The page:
Archive for the ‘Health’ Category

Decline in cigarette smoking accelerated during Obama administration

Wednesday, December 14th, 2016
Decline in cigarette smoking accelerated during Obama administration

The rate of cigarette smoking among U.S. adults has declined substantially during the presidency of Barack Obama, according an article published in the New England Journal of Medicine. Author Michael Fiore, MPH ’85, writes that since 2009, smoking rates have dropped about 0.78 percentage points per year and are now at 15.3%. If this rate of decline continues, smoking prevalence will fall to zero by around 2035.

https://www.hsph.harvard.edu/news/hsph-in-the-news/cigarette-smoking-decline-obama/?utm_source=twitter&utm_medium=social&utm_campaign=hu-twitter-general

Finding biological barcodes

Wednesday, December 14th, 2016
August 23, 2016 | Editor’s Pick
080516_Schier_Alex_006_605

Wednesday, December 14th, 2016

‘Edible’ robots and batteries you can swallow could finally help cure cancer

Carnegie Mellon University

http://www.wired.co.uk/article/swallow-batteries-robots-disease

Tuesday, December 13th, 2016

Sprinkling of neural dust opens door to electroceuticals

Sprinkling of neural dust opens door to electroceuticals

http://news.berkeley.edu/2016/08/03/sprinkling-of-neural-dust-opens-door-to-electroceuticals/

Associations of specific types of sports and exercise with all-cause and cardiovascular-disease mortality

Tuesday, December 13th, 2016
Associations of specific types of sports and exercise with all-cause and cardiovascular-disease mortality: a cohort study of 80 306 British adults

“Results Significant reductions in all-cause mortality were observed for participation in

cycling (HR=0.85, 95% CI 0.76 to 0.95),

swimming (HR=0.72, 95% CI 0.65 to 0.80),

racquet sports (HR=0.53, 95% CI 0.40 to 0.69) and

aerobics (HR=0.73, 95% CI 0.63 to 0.85).

No significant associations were found for participation in football and running.

A significant reduction in CVD mortality was observed for participation in

swimming (HR=0.59, 95% CI 0.46 to 0.75),

racquet sports (HR=0.44, 95% CI 0.24 to 0.83) and

aerobics (HR=0.64, 95% CI 0.45 to 0.92), but there were

no significant associations for cycling, running and football.

Variable dose–response patterns between the exposure and the outcomes were found across the sport disciplines.”

Published Online First 28 November 2016

http://bjsm.bmj.com/search?author1=Emmanuel+Stamatakis&sortspec=date&submit=Submit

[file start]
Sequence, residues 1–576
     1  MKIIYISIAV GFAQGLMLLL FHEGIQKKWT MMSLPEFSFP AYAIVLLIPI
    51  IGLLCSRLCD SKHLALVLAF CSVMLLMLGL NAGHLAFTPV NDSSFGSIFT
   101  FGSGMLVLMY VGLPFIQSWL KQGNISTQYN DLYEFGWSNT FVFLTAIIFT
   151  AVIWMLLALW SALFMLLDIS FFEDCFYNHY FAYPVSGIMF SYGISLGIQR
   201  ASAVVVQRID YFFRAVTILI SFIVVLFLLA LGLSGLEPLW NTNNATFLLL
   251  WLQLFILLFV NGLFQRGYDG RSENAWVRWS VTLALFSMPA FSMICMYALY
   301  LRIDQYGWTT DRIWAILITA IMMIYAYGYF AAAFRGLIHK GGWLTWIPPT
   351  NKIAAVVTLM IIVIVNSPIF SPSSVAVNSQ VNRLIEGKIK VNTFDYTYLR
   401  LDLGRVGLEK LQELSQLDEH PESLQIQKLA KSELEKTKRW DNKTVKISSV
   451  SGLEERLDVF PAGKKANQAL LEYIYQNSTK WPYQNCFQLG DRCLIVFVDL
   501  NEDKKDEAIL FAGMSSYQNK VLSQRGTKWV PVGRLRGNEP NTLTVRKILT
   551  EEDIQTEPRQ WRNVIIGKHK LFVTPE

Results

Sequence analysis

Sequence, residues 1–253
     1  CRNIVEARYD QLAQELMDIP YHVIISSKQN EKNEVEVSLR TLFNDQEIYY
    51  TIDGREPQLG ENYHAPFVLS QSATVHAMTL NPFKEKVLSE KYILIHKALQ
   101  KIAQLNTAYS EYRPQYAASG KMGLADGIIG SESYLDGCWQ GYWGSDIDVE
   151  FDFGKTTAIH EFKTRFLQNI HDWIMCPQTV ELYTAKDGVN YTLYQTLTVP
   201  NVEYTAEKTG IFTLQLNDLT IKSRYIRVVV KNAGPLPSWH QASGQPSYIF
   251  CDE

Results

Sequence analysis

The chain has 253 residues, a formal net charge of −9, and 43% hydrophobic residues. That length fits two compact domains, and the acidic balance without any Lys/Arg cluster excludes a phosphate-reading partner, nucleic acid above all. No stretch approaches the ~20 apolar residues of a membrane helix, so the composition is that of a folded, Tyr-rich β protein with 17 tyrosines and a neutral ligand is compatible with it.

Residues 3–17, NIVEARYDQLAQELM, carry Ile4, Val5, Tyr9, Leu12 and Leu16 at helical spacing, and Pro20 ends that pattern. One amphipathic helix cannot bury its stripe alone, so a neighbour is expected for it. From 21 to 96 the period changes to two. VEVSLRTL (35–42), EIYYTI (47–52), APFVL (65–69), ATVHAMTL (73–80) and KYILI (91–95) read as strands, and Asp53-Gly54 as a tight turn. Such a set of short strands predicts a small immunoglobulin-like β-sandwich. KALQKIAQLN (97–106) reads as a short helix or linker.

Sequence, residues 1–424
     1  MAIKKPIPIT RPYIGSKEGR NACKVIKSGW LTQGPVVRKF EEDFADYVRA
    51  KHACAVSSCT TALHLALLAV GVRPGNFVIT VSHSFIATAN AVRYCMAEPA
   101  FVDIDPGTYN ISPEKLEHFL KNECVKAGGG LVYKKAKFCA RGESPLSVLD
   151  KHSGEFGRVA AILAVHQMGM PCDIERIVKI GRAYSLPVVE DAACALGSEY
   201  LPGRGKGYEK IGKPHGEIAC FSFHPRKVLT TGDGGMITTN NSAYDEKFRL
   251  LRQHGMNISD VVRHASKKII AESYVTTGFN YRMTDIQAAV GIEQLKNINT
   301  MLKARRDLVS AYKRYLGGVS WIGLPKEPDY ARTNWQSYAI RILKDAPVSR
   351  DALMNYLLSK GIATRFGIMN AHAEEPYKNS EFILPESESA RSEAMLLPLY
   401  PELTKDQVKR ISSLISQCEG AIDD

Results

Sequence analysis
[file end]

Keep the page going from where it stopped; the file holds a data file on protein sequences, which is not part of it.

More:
UK red squirrels carry ‘a form of leprosy’ – scientists

Monday, December 12th, 2016

UK red squirrels carry ‘a form of leprosy’ – scientists

11 November 2016

British red squirrels are infected with two different strains of the bacterium that causes leprosy, according to a study.

http://www.bbc.com/news/science-environment-37949557

Monday, December 12th, 2016

Paris closes parks in major anti-rat campaign

8 December 2016

In 2014, startling video and photos showing rats at a picnic spot by the Louvre Museum in Paris got wide media coverage.

http://www.bbc.com/news/world-europe-38248828?ocid=socialflow_twitter

Zika kills brain cells in adult mice

Friday, December 9th, 2016

Zika kills brain cells in adult mice

Virus’s effects could be more far-reaching than thought, finding suggests

Unsafe levels of toxic chemicals found in drinking water of 33 states

Friday, December 9th, 2016
Unsafe levels of toxic chemicals found in drinking water of 33 states
High levels of fluorinated compounds have been linked to cancer, hormone disruption
August 9, 2016 | Editor’s Pick
Faucet-Running

Vision Impairment and Intracranial Pressure (VIIP) – 11.22.16

Thursday, December 8th, 2016

https://www.nasa.gov/mission_pages/station/research/experiments/1038.html

Vision Impairment and Intracranial Pressure (VIIP) – 11.22.16

Overview | Description | Applications | Operations | Results | Publications | ImageryISS Science for Everyone

Science Objectives for Everyone
The Vision Impairment and Intracranial Pressure (VIIP) project examined the effect of long-term exposure to microgravity on the structure of the eye along with change in distance and near vision of crew members before and after they returned to Earth.

Science Results for Everyone
I can see (less) clearly now. Many astronauts experience poorer vision after flight, some even for years after. A number of studies have looked for causes and distinct physical changes in the eye itself have been found. MRI scans suggest that pressure changes in the brain and spinal fluid caused by weightlessness may be partly to blame. Many astronauts do not show these effects, though, and more advanced imaging techniques may be needed to understand the role of changing brain pressure in microgravity. This in turn will help researchers assess vision problems and develop ways to prevent them.